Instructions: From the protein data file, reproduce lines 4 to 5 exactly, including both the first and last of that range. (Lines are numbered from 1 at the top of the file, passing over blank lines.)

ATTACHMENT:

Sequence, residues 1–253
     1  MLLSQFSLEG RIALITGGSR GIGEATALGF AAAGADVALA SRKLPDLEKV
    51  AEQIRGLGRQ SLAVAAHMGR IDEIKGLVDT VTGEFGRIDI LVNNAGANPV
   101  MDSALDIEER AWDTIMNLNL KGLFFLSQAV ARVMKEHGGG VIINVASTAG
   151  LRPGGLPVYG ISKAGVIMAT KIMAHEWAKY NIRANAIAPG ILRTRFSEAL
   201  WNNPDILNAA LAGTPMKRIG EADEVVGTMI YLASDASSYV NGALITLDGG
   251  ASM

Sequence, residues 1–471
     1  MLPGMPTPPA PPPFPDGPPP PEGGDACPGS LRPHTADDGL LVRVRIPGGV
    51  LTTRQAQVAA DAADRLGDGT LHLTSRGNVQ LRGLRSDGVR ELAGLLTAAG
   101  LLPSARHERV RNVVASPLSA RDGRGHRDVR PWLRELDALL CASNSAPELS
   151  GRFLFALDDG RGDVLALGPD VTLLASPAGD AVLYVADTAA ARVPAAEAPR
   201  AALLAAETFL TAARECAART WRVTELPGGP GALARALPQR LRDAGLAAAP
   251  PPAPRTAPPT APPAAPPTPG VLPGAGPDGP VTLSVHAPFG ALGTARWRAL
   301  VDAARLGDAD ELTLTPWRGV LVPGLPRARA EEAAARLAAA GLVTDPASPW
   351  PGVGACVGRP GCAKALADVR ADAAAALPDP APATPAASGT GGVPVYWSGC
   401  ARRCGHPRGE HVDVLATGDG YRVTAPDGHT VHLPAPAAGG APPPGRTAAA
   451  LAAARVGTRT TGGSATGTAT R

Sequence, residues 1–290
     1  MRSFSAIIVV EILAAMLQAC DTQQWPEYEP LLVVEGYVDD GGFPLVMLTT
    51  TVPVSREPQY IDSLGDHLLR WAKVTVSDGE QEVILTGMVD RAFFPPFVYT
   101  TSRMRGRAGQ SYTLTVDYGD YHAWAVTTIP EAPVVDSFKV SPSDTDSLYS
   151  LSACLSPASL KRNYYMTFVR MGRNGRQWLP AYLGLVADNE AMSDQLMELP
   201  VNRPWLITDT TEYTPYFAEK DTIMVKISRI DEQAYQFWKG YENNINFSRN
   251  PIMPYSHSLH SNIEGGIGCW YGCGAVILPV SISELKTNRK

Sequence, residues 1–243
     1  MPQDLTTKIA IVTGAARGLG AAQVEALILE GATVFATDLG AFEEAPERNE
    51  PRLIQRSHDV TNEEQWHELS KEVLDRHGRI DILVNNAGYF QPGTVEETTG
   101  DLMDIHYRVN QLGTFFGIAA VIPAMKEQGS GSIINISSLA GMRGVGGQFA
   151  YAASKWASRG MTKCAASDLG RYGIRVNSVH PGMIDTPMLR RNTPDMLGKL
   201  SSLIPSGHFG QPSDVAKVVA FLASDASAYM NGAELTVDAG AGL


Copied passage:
   101  MDSALDIEER AWDTIMNLNL KGLFFLSQAV ARVMKEHGGG VIINVASTAG
   151  LRPGGLPVYG ISKAGVIMAT KIMAHEWAKY NIRANAIAPG ILRTRFSEAL